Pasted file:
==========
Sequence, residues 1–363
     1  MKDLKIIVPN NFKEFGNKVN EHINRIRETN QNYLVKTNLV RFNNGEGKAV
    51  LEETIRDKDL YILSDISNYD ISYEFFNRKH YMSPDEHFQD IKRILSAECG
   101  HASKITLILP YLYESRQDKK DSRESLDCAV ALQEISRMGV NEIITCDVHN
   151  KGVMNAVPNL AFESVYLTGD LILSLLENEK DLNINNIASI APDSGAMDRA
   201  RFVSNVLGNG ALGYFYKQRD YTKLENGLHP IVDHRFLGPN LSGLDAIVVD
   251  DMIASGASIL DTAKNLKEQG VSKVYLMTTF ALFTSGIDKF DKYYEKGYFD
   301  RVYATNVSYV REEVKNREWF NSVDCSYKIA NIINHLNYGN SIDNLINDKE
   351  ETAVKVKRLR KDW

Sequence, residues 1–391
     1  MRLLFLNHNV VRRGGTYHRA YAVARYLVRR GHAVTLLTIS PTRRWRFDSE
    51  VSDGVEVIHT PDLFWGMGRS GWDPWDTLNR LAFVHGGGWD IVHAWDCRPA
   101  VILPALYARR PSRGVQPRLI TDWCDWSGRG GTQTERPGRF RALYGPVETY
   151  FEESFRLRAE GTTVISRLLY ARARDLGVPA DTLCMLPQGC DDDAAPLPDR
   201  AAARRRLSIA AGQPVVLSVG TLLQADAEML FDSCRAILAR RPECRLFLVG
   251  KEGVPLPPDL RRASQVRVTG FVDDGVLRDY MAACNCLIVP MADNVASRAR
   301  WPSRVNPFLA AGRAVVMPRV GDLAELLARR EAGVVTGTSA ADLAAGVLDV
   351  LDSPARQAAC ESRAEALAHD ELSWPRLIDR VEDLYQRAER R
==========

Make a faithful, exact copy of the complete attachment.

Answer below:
Sequence, residues 1–363
     1  MKDLKIIVPN NFKEFGNKVN EHINRIRETN QNYLVKTNLV RFNNGEGKAV
    51  LEETIRDKDL YILSDISNYD ISYEFFNRKH YMSPDEHFQD IKRILSAECG
   101  HASKITLILP YLYESRQDKK DSRESLDCAV ALQEISRMGV NEIITCDVHN
   151  KGVMNAVPNL AFESVYLTGD LILSLLENEK DLNINNIASI APDSGAMDRA
   201  RFVSNVLGNG ALGYFYKQRD YTKLENGLHP IVDHRFLGPN LSGLDAIVVD
   251  DMIASGASIL DTAKNLKEQG VSKVYLMTTF ALFTSGIDKF DKYYEKGYFD
   301  RVYATNVSYV REEVKNREWF NSVDCSYKIA NIINHLNYGN SIDNLINDKE
   351  ETAVKVKRLR KDW

Sequence, residues 1–391
     1  MRLLFLNHNV VRRGGTYHRA YAVARYLVRR GHAVTLLTIS PTRRWRFDSE
    51  VSDGVEVIHT PDLFWGMGRS GWDPWDTLNR LAFVHGGGWD IVHAWDCRPA
   101  VILPALYARR PSRGVQPRLI TDWCDWSGRG GTQTERPGRF RALYGPVETY
   151  FEESFRLRAE GTTVISRLLY ARARDLGVPA DTLCMLPQGC DDDAAPLPDR
   201  AAARRRLSIA AGQPVVLSVG TLLQADAEML FDSCRAILAR RPECRLFLVG
   251  KEGVPLPPDL RRASQVRVTG FVDDGVLRDY MAACNCLIVP MADNVASRAR
   301  WPSRVNPFLA AGRAVVMPRV GDLAELLARR EAGVVTGTSA ADLAAGVLDV
   351  LDSPARQAAC ESRAEALAHD ELSWPRLIDR VEDLYQRAER R